Eastern Zhou period, 5th century BC
Carved from a single jade pebble
These four discs of jade were for the decoration of a belt or pendant. The fact that they are linked without any joins represents an extraordinary piece of craftsmanship, since jade is such a difficult material to work. Its hardness is one of the many qualities which made jade so highly prized in ancient China.
This ornament clearly belonged to someone of high social status. A similar, though more elaborate piece, was found in the tomb of Marquis Yi, ruler of Zeng, who was buried around 433 BC. (The tomb was found in 1978, in Leigudun, Sui county, Hubei province)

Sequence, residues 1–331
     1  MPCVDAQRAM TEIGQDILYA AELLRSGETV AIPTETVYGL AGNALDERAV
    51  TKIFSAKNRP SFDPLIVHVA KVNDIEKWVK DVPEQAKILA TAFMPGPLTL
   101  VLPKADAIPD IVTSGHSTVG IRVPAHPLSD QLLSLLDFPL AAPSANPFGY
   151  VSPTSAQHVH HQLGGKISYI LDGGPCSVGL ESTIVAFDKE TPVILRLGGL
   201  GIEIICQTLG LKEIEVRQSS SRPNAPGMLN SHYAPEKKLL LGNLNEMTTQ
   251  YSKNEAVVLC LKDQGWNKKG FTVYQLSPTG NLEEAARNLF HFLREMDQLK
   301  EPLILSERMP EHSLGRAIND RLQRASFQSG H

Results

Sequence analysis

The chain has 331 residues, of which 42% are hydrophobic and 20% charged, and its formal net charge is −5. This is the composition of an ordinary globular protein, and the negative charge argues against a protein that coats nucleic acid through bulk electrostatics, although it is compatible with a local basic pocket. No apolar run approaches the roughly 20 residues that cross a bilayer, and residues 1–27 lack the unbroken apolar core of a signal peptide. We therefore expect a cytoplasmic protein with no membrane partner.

Zeng was one of the smaller states that came under the rule of Chu. The Marquis of Zeng's massive tomb contained not only his coffin and those of eight attendants (who would be required for service in the next world), but thirteen further coffins in another chamber, and a room for chariot parts and weaponry. This tomb contained a magnificent assemblage of bronze bells, many musical and ritual vessels. Precious objects of lacquer, jade and gold also demonstrate his wealth and status.
J. Rawson (ed.), Mysteries of Ancient China: ne (London, The British Museum Press, 1996)
J. Rawson (ed.), The British Museum book of Chi (London, The British Museum Press, 1992)